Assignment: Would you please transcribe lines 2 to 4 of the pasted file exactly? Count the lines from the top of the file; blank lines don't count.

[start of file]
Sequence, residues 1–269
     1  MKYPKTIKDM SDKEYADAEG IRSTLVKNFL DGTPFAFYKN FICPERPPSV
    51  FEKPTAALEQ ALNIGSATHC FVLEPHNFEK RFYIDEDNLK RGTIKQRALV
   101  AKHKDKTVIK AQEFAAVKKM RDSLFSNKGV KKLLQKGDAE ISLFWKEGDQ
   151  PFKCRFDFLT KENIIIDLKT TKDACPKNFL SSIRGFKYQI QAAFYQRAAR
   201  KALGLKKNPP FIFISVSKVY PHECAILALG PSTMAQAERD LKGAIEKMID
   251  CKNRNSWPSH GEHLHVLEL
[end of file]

     1  MKYPKTIKDM SDKEYADAEG IRSTLVKNFL DGTPFAFYKN FICPERPPSV
    51  FEKPTAALEQ ALNIGSATHC FVLEPHNFEK RFYIDEDNLK RGTIKQRALV
   101  AKHKDKTVIK AQEFAAVKKM RDSLFSNKGV KKLLQKGDAE ISLFWKEGDQ